Myo Thiri Kyaw | DMG
February 1, Mrauk-U
The sound of gunfire, a frequent occurrence in Mrauk-U Township for nearly a year, has not been heard there since a final proposal to designate the former Arakan’s capital, Mrauk-U a UNESCO World Heritage Site was submitted on January 27, residents said.

That may be reason for cautious optimism about a UNESCO bid that has appeared imperiled by the ongoing conflict between the military and the Arakan Army, in Mrauk-U Township and the wider Arakan State.

Some of Mrauk-U’s heritage treasures, such as its ancient temples and pagodas, have sustained damage during the hostilities.

“The ancient Kouthaung Temple was found to have cracks in it since late last year and some pieces have begun to crumble,” said Daw Khin Than, chair of the Mrauk-U Ancient Cultural Heritage Conservation Group.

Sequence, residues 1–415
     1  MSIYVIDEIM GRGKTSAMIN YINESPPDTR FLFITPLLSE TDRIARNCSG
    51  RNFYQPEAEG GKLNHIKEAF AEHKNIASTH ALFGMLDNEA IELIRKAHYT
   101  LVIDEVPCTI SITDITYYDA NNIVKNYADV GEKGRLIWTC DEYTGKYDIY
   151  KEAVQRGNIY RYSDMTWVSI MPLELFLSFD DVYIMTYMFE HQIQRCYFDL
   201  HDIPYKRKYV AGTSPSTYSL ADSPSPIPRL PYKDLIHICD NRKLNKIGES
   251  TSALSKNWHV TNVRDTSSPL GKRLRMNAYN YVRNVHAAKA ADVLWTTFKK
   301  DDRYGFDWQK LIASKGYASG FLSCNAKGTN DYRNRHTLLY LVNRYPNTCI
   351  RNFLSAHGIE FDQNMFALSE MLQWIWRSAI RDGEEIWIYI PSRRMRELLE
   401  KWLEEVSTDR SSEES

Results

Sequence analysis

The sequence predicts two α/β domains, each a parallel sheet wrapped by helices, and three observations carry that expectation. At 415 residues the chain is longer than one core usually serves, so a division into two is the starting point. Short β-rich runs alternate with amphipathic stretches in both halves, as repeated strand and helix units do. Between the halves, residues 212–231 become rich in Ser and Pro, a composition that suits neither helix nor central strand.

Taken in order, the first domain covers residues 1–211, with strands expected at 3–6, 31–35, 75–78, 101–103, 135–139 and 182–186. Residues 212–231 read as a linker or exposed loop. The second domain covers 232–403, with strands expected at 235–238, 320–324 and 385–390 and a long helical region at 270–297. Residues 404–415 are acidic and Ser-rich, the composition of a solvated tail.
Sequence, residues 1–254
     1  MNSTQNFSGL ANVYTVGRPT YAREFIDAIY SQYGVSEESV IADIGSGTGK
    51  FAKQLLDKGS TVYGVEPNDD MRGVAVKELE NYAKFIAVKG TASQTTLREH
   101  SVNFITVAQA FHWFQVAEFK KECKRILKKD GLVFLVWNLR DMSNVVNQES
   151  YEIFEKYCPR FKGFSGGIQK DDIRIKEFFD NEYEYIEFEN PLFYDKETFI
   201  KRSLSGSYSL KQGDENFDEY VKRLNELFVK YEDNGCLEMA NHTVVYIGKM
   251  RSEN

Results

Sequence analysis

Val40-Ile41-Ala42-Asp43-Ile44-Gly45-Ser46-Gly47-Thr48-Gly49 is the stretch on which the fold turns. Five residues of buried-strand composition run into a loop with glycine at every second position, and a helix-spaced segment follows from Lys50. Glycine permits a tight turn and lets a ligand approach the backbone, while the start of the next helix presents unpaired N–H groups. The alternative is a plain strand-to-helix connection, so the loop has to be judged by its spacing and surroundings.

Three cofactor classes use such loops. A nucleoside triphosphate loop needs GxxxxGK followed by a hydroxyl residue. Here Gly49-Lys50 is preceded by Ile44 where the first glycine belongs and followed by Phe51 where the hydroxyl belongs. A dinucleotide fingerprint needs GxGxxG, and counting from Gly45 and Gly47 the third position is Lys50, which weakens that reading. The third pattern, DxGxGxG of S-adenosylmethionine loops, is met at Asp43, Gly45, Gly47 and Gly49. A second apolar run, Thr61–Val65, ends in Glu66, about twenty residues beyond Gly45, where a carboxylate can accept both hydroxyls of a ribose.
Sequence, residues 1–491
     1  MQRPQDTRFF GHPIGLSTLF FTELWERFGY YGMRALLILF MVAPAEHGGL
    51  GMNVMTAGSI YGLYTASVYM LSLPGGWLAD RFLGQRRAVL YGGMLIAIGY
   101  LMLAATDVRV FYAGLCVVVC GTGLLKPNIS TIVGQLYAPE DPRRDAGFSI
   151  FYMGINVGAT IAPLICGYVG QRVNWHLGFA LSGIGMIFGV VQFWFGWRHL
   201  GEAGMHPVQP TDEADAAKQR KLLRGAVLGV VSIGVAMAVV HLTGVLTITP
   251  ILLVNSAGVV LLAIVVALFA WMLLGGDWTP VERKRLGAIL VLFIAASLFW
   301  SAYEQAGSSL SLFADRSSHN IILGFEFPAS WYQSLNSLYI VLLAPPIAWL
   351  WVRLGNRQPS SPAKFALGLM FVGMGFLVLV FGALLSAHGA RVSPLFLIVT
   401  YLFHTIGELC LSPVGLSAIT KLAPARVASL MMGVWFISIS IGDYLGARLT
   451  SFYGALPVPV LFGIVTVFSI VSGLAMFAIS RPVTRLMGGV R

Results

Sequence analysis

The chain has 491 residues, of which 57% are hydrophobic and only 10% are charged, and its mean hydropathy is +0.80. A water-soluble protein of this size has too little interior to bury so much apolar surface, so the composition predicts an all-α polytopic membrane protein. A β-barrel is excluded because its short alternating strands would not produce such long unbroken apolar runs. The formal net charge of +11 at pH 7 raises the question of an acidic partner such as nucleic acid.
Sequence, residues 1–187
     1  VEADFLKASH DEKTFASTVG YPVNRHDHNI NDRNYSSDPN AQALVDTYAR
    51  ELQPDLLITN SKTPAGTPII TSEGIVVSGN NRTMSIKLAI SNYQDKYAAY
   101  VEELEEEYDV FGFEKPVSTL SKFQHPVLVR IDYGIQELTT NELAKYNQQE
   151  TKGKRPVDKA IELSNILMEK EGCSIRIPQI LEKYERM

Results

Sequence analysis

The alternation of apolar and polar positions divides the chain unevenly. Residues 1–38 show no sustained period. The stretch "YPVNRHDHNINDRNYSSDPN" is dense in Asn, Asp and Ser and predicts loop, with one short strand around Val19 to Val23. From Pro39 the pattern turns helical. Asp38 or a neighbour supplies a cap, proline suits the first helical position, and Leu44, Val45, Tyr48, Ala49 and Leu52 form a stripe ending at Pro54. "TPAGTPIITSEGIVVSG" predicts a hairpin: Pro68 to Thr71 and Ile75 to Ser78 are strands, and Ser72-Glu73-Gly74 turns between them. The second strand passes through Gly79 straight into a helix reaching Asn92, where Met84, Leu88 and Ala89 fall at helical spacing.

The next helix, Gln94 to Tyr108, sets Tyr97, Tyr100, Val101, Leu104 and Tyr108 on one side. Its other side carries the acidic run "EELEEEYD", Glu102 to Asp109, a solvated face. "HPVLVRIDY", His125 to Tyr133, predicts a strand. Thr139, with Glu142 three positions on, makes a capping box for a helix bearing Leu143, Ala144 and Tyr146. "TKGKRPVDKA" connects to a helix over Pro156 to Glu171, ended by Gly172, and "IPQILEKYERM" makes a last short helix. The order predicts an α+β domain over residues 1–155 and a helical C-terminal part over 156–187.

Other centuries-old pagodas in Mrauk-U, the capital of the ancient Arakan Kingdom, have also been damaged by gunfire or artillery, the latter of which is also blamed for causing tremors that less perceptibly impact the structural integrity of the prospective Heritage Site architecture.

For this reason, Residents and MPs have demanded that the Mrauk-U region be declared a no-war zone.

Fierce fighting between the Tatmadaw (military) and the Arakan Army was reported in Mrauk-U in previous months. Clashes are continuing in Paletwa, Buthidaung and Myebon townships, but fighting is no longer taking place in Mrauk-U Township, the AA announced.

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